Fortunately, there’s something we can do about it. Next time you go to D-Hall, write on a comment card that you’d like to see Buffalo Mash (or whatever your favorite dish is) on the menu more. With enough cards, we can make a difference!
by Molly Robinson
Depending on your major, Spring Break can mean leisure and relaxation or simply catching up on course work and studying.
For a student in a science or math class, such as physiology or calculus, chances are that you have an exam the week following break. Many may plan on pulling a bunch of all nighters to make up for lost ground. But for those of us who except that all-nighters are more detrimental than not to our bodies and grades, then at least half of break will be filled with course work that, unavoidably, needs to get done before returning to school.
On the other hand, there are those students who will not be returning to a difficult course load when returning from break who eagerly await kicking their feet back at the beach or a cruise and not even dreaming of exams in the future.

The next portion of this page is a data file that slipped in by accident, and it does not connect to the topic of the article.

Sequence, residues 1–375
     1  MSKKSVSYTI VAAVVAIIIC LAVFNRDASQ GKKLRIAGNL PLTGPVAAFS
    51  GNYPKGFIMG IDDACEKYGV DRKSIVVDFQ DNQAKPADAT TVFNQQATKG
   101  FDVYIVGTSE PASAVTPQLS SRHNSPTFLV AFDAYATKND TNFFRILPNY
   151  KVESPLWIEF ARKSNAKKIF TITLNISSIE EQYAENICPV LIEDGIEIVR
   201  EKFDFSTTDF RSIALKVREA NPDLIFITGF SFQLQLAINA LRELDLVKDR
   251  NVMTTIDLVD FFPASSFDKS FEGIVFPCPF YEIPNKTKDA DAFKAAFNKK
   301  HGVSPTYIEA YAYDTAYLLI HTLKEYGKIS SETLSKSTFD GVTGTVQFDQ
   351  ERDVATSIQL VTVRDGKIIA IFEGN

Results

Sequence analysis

Although Spring Break is well needed for everyone, there is, undoubtedly, two completely different spectrums of break usage- to get academic bearing back- together or to have fun and unwind.
by Elizabeth Short
A couple of weeks ago I took a day off; I did not do homework, send emails, or think about anything happening the upcoming week. It was perfect and just what I needed after a hectic and sleepless two weeks. The next morning I woke up feeling great and ready to take on another busy week.
As college students, we need to plan to take mental health days more often. As I walk to work, through Warren, I see many stressed out students rushing through the halls to get things done. Most of our schedules probably don’t allow for days off, but according to the Associated Content article, “Benefits of Taking a Mental Health Day,” having a day off will decrease stress, increase productivity, and provide life balance, three things that college students strive for.
Therefore, make it a goal to take at least one mental health day a month. During your day off take the time to relax, catch up on TV shows, and hangout with friends. I guarantee you will feel refreshed the following day/week!